Clarifications for Doctor Logic
DL: First, you equivocate between function and purpose when you relate arguments regarding purpose to irreducible complexity. I'll add that I think that design is inferred by utility, which might be considered purpose. However, ID pseudoscience eschews consideration of utility because that would require the introduction of theology. IC is not about utility to the designer, but about function.
VR: There’s supposed to be no purpose at the basic level, but Darwinist explanations claim that there is reducible teleology in virtue of the existence of function. Therefore, a design argument needs to argue based on irreducible complexity. Are the kinds of purpose that are out there in the world reducible to function generated by random variation and natural selection? That’s what the debate is about where design arguments are concerned. All I was doing was explaining how such arguments go. As I pointed out, (and said commentators take note) I said I wasn’t defending those arguments, only explaining how those arguments go.
DL: Second, you equivocate between the different meanings of subjectivity. Subjectivity has at least 3 meanings. It can mean personal belief, personal taste, or something inherently supernatural. Materialism happily admits the first two, but not the third. Reductionism does not imply that I don't have tastes that are subjective in the first two senses of the term. Only greedy reductionism would say that, and I think greedy reductionism is rather silly.
VR: Of course, where the existence of the mental states that give rise to tastes can be accounted for naturalistically is what is at issue between naturalists and their opponents. However, what I mean by subjective is that states exist from the point of view of one person but not from the point of view of someone else. Let’s take the statement ‘I am Victor Reppert.” It is a truth that I know, but if we take the indexical content out of it, it turns into “Victor Reppert is Victor Reppert,” a miserable tautology. Hence, there seem to be truths for me that are not truths for other persons, in virtue of my being who I am.
That kind of subjectivity is going to be a problem for a world-view that says that physical facts entail all the other facts.
Another argument against materialism that appeals to subjectivity would be arguments of the “What Mary Didn’t know” variety. Again, this is not a kind of argument I am defending, but what I am doing is producing a typology of arguments.
DL: Third, it is not true that morality is absent at the physical level. It is more accurate to say that morality is a matter of taste, just like there is gastronomic taste. Yet, should we determine that gastronomic taste is subjective; we would not declare that gastronomic taste was an illusion or did not really exist. Of course it exists, but it is a feature of large assemblies of matter, not of individual particles. (IOW, you equivocate between morality and absolute morality.)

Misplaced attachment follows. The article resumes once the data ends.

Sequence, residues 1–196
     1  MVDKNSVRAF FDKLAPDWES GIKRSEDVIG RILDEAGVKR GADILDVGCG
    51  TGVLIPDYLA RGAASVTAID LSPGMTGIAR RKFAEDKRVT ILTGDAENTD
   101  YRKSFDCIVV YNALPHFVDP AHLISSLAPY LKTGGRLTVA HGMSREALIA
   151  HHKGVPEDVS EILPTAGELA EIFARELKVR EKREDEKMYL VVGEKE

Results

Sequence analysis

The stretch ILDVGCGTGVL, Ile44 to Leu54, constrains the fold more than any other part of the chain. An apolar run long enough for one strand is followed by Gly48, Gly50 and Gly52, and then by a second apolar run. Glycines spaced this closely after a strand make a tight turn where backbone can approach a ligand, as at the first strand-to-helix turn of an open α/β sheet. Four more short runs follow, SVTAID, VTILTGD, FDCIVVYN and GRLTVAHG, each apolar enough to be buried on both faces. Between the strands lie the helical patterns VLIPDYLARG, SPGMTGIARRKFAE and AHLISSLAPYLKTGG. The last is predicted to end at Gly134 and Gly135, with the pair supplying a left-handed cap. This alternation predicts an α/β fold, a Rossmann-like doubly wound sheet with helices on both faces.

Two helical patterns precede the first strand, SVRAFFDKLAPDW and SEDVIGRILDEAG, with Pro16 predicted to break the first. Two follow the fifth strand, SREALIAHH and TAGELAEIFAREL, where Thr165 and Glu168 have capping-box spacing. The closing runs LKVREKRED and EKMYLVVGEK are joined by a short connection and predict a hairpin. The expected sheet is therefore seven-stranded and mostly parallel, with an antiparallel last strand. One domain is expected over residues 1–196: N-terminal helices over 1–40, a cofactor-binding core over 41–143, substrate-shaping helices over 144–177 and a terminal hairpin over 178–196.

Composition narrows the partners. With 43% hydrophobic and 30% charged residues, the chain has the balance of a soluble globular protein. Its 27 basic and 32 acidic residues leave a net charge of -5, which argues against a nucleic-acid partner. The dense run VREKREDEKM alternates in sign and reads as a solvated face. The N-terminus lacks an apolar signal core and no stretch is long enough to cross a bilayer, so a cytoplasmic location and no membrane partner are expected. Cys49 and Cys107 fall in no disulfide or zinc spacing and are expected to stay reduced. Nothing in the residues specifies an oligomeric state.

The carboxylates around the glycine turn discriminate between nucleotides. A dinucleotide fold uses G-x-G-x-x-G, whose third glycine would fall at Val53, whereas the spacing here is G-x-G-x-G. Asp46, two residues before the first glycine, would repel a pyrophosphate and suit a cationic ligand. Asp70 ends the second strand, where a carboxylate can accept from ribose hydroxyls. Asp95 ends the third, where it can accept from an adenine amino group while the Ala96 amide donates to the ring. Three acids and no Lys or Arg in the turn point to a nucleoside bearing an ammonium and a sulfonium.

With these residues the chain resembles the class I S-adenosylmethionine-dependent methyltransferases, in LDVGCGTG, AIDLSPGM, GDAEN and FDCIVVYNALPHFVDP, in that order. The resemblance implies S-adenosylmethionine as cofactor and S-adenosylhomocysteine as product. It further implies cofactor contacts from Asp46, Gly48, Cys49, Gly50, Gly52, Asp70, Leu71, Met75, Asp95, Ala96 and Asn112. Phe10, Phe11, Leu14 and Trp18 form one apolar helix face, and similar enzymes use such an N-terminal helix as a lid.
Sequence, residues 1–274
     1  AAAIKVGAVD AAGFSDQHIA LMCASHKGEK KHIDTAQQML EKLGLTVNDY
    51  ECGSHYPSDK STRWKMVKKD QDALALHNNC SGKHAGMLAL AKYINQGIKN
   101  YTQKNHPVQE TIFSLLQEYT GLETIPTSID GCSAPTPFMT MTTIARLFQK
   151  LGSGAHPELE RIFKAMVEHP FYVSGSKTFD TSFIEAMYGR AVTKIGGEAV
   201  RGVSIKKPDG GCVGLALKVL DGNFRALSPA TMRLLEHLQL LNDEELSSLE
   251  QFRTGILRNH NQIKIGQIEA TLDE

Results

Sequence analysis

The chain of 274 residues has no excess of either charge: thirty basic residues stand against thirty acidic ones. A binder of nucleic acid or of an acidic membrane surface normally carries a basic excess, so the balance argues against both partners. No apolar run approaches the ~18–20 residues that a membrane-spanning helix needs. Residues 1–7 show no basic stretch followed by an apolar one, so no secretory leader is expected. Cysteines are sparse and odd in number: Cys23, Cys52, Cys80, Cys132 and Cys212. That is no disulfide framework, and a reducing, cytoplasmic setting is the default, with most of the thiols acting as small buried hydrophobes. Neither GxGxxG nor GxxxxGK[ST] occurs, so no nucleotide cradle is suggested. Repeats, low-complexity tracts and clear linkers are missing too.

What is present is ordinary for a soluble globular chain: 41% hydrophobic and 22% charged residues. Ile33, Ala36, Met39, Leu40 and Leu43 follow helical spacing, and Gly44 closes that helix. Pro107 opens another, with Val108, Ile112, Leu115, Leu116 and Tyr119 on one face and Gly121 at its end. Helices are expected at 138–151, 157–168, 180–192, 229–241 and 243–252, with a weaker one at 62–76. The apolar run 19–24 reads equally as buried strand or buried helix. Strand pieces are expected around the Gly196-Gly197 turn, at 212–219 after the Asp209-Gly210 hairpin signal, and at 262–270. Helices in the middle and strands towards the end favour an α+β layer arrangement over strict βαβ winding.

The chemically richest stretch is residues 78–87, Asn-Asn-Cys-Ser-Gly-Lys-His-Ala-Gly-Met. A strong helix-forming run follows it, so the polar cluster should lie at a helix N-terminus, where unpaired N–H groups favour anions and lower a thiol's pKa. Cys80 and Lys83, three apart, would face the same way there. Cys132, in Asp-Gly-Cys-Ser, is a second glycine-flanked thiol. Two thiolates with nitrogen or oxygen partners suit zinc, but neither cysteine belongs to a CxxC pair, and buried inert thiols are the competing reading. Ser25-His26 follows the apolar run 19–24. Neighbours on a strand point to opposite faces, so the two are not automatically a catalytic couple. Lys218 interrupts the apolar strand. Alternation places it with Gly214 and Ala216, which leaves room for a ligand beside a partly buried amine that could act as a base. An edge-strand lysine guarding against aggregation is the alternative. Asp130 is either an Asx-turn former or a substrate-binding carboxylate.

VR: One, this assumes that propositional states can be states of conglomerations of matter. I have trouble with this idea, because I think you can add up and conglomerate physical states until the cows come home, and you will never reach the conclusion that some particular propositional attitude obtains. This is not an argument made up by rabid Christian apologists; this is the essential point of Quine’s indeterminacy of translation argument and Davidson’s argument against psychophysical laws.
I am not talking about absolute morality; I am talking about objective morality. I think these need to be distinguished. I think you agree with me that if materialism is true, then there are no objective moral truths. Again, I am not endorsing these arguments; I am putting these arguments into a typology. Even subjective morality doesn’t exist at the basic level; it has to be a “system feature.”
DL: As for the argument about rational faculties, that is still quite susceptible to what you refer to as inadequacy objections. The fact is that you cannot have a rational argument for the axioms of rationality because you would need to invoke those axioms in the process. So there is no guarantee that rationality is valid in a mentalistic world.
VR: Again, I am sketching the arguments at this point. Details later. However, I don’t claim that theists have a proof of the axioms of logic while atheists don’t. That would be a skeptical threat argument, a type of argument that I have always criticized. There are inadequacy objections to arguments from reason, and I am planning to answer them.
VR: There cannot be a scientific proof that scientists do not exist; that would undermine the scientific enterprise which constitutes the very foundation of materialism.
And what I am arguing there is that it is going to be difficult to give an Error response to arguments from reason. You agree with that.
Yet, materialism does not imply that rationality does not or cannot exist. If it did, then you would have a case.As it stands, you at best have the case that you don't yet know how materialism can explain some facet of rationality. And I really think you don't have that much because there are quite conceivable explanations for physical, rational machines.
VR: I think it’s more serious than that. The building blocks of the universe exclude rational characteristics, and adding these blocks up into conglomerations is not going to entail the existence of propositional states. And if you get propositional states, you still don’t have mental causation in virtue of logical connections.